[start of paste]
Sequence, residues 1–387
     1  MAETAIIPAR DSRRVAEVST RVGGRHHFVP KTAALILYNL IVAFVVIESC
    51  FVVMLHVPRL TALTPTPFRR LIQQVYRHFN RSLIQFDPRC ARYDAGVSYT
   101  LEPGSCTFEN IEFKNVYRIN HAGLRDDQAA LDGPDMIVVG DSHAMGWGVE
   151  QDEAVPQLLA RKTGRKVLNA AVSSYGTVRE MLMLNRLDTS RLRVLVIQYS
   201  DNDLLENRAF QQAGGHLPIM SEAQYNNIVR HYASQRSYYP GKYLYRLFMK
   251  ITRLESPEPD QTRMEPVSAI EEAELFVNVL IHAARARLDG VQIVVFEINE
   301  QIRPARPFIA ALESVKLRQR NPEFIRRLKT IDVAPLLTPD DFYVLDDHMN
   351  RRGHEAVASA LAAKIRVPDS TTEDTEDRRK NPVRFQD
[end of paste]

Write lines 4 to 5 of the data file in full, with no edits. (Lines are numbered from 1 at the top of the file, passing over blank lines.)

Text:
   101  LEPGSCTFEN IEFKNVYRIN HAGLRDDQAA LDGPDMIVVG DSHAMGWGVE
   151  QDEAVPQLLA RKTGRKVLNA AVSSYGTVRE MLMLNRLDTS RLRVLVIQYS